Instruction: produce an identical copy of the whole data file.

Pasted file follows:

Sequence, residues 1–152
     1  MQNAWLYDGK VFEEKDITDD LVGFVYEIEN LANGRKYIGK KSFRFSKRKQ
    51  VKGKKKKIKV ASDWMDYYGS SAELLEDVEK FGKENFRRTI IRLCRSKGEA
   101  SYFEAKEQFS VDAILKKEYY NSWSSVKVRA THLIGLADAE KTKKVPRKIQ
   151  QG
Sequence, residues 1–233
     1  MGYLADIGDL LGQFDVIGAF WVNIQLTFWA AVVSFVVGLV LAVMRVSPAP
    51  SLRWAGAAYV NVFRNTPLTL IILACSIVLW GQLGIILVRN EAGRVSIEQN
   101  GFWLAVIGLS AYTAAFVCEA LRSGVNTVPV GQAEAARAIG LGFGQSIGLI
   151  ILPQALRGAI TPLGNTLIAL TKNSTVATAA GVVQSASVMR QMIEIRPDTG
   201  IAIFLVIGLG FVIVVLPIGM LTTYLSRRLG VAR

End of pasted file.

Sequence, residues 1–152
     1  MQNAWLYDGK VFEEKDITDD LVGFVYEIEN LANGRKYIGK KSFRFSKRKQ
    51  VKGKKKKIKV ASDWMDYYGS SAELLEDVEK FGKENFRRTI IRLCRSKGEA
   101  SYFEAKEQFS VDAILKKEYY NSWSSVKVRA THLIGLADAE KTKKVPRKIQ
   151  QG
Sequence, residues 1–233
     1  MGYLADIGDL LGQFDVIGAF WVNIQLTFWA AVVSFVVGLV LAVMRVSPAP
    51  SLRWAGAAYV NVFRNTPLTL IILACSIVLW GQLGIILVRN EAGRVSIEQN
   101  GFWLAVIGLS AYTAAFVCEA LRSGVNTVPV GQAEAARAIG LGFGQSIGLI
   151  ILPQALRGAI TPLGNTLIAL TKNSTVATAA GVVQSASVMR QMIEIRPDTG
   201  IAIFLVIGLG FVIVVLPIGM LTTYLSRRLG VAR